A field experiment was carried out in two seasons (2007 and 2008) at the Teaching and Research Farm of the Department of Crop Science, University of Nigeria, Nsukka. The experiment evaluated the growth and yield performances of three cultivars of cassava (Manihot esculenta Crantz) and four pigeonpea (Cajanus Cajan (L) Millsp) genotypes in intercropping systems. The treatments comprised three tropical manihot cultivars (TMS 60447, TMS30572 and NR8082), and four pigeonpea genotypes comprising three improved International Crop Research Institute for the Semi-Arid Tropics (ICRISAT), genotypes of two short-duration (ICPL 87 and ICPL 161), one medium-duration (ICPL 7120) and large seeded long-duration local landrace (NSUKKA LOCAL). The treatments were laid out in randomized complete block design (RCBD), with three replications. The sole pigeonpea was sown 40,000 stands/ha while the sole for cassava was 10,000. Mixture was in additive series ie 40,000 for pigeonpea + 10,000 for cassava giving pigeonpea/cassava of 50,000 plants per hectare. The data collected were subjected to the analysis of variance technique for randomized complete block design using Genstat (3) discovery package of statistical analysis. Treatment means were separated for significant differences using the least significant differences (LSD) procedure at 5% level of probability. Results showed that intercropping significantly (p< 0.05) shortened days to 50% pigeonpea emergence, depressed cassava plant height and increased pigeonpea plant height. The number of leaves per plant in pigeonpea was depressed while that of cassava was not affected by the intercropping. The number of branches, length (cm) of leaf stalk, leaf area (cm2) in cassava were significantly (p< 0.05) depressed by intercropping. Pigeonpea stem girth (cm) and cassava plant height (cm) were significantly (p<0.05) reduced while pigeonpea plant height (cm) and cassava stem girth (cm) were statistically (p<0.05) increased by intercropping. The number of cassava branches per plant was significantly (p<0.05) reduced expect with cassava cultivar TMS 30572 in mixture with four pigeonpea genotypes. The number of primary branches and number of leaves per plant in pigeonpea at harvest were significantly (p<0.05) decreased by intercropping system. The number of leaves, leaf area (cm2) and leaf area index in cassava at harvest were significantly (p<0.05) decreased by the mixture except with cassava leaf area and leaf area index of TMS 60447 + ICPL 7120. Days of pigeonpea 50% flowering and 50% maturity were all significantly (p<0.05) increased by the intercropping system. The pigeonpea inflorescence length (cm) and number of pods/plant were significantly (p<0.05) depressed except ICPL 161 and ICPL 7120 in mixture with three cassava cultivars. The number of insects per plant of both the short-and medium-duration pigeonpea genotypes at flowering and podding stage were significantly (p<0.05) decreased by the intercropping system except the long-duration (NSUKKA LOCAL) pigeonpea genotype. Nevertheless, the intercropping system significantly (p<0.05) increased the number of pigeonpea numbr of damaged pods/plant and decreased number of damaged seeds/plant. The pod length (cm) for short-and medium-duration pigeonpea genotypes were significantly (p<0.05) depressed by the intercropping system except the long duration pigeonpea. The pigeonpea number of seeds/pod and number of seeds/plant were significantly (p<0.05) increased except ICPL 161 in intercrop with three cassava cultivars for seed/pod and long-duration genotype for number of seeds/plant. The number of tubers/plant, average tuber weight (g), fresh tuber weight/plant (g) and tuber weight tons/ha were significantly (p<0.05) depressed by the cropping system. The seed yield/plant (g) and seed yield kg/ha of short-and medium-duration pigeonpea genotypes were all significantly (p<0.05) increased by the mixture except long-duration pigeonpea (NSUKKA LOCAL). The average 1000 seed weight (g) was significantly (p<0.05) depressed and the threshing percentage was significantly enhanced by the intercropping system. In ratooning pigeonpea crop survived significantly (p<0.05) higher in long-duration pigeonpea genotype compared with short-and medium-duration ICRISAT genotypes. The intercropping efficiencies of the pigeonpea/cassava mixture were analyzed using the land equivalent ratio (LER) analysis and the actual economic or monetary values were also assessed. Land equivalent ration (LER) values greater than one (>1.0) were obtained in all pigeonpea/cassava mixtures except cassava cultivar NR8082 mixed with long-duration pigeonpea genotype, NSUKKA LOCAL, (NR8082 + NSUKKA LOCAL). Sole cassava cultivars gave greater monetary values than sole pigeonpea genotypes but pigeonpea genotypes in mixture gave greater monetary values than their cassava counterpart in the mixture. The pigeonpea ratoon crops were assessed for their survival and grain yield in 2009. Ratooning in pigeonpea was 61.5%. The long-duration pigeonpea genotypes ratooned more than the short-and medium-duration ICRISAT pigeonpea genotypes and intercropping significantly (p<0.05) depressed ratooning ability of pigeonpea genotypes. The mean ratoon crop values in the following yield parameters were 94.2% pod length (cm), 79.5% number of seeds/pod, 81% number of pods/plant and 86.7% number of seeds/plant compared with the situation for the main crop. The depressant effects of cassava in mixture on pigeonpea were grain yield (29.1%), pod length (cm) (5.8%), number of seeds/pod (20.5%). NSUKKA LOCALhad lower insect damage of the pod and seed compared to ICRISAT pigeonpea gentoypes (ICPL87, ICPL 161 and ICPL 7120) in previously intercropped pigeonpea ratoon crops. NSUKKA LOCAL had more grain yield/plant (g) and more kg/ha in the main intercropped pigeonpea than with ratoon crops of ICRISAT pigeonpea genotypes.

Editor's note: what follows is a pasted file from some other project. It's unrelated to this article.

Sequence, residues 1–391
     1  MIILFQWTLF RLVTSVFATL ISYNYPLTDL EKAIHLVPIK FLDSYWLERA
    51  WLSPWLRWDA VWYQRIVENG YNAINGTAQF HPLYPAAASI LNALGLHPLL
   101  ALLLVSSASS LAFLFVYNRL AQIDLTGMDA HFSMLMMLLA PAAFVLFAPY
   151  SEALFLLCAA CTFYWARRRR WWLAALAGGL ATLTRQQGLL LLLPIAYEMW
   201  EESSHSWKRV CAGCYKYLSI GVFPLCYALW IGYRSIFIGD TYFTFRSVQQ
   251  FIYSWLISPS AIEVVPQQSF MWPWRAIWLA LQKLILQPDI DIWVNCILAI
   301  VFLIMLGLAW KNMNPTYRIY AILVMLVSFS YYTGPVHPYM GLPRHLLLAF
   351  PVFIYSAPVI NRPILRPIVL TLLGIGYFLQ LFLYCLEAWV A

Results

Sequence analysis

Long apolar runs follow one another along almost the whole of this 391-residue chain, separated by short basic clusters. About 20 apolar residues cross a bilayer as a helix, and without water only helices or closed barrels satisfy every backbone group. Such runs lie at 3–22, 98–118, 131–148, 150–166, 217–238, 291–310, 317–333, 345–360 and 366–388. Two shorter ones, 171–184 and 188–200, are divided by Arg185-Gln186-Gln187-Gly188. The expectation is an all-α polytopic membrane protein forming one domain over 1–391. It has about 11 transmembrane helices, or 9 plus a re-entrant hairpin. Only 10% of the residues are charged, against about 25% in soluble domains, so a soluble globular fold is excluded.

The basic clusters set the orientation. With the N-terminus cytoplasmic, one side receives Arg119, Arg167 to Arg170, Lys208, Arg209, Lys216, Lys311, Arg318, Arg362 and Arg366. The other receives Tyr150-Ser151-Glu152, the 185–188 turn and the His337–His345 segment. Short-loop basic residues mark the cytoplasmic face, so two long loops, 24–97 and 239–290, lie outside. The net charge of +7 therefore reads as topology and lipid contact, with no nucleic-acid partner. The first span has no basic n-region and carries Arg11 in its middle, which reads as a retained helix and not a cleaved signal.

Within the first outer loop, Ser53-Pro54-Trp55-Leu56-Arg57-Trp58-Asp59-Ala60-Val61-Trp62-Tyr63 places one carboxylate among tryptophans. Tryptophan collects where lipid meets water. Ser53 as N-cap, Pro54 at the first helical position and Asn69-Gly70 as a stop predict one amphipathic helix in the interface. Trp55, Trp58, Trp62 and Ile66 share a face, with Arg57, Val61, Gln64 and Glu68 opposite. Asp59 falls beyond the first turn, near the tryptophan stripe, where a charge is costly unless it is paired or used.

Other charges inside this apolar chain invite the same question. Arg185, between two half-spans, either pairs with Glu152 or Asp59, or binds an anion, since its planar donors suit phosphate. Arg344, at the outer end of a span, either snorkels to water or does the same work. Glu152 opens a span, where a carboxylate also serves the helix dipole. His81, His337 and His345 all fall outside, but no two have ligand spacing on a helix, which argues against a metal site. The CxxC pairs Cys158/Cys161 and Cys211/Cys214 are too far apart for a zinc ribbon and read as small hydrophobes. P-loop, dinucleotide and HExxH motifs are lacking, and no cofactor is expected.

Using our service/resources is LEGAL and IS NOT prohibited.
You are allowed to use the original model papers you will receive in the following ways:
1. As a source for additional understanding of the subject.
2. As a source for ideas for your own research (if properly referenced).
3. For PROPER paraphrasing (see your university definition of plagiarism and acceptable paraphrase)
4. Direct citing (if referenced properly)
Thank you so much for your respect to the authors copyright.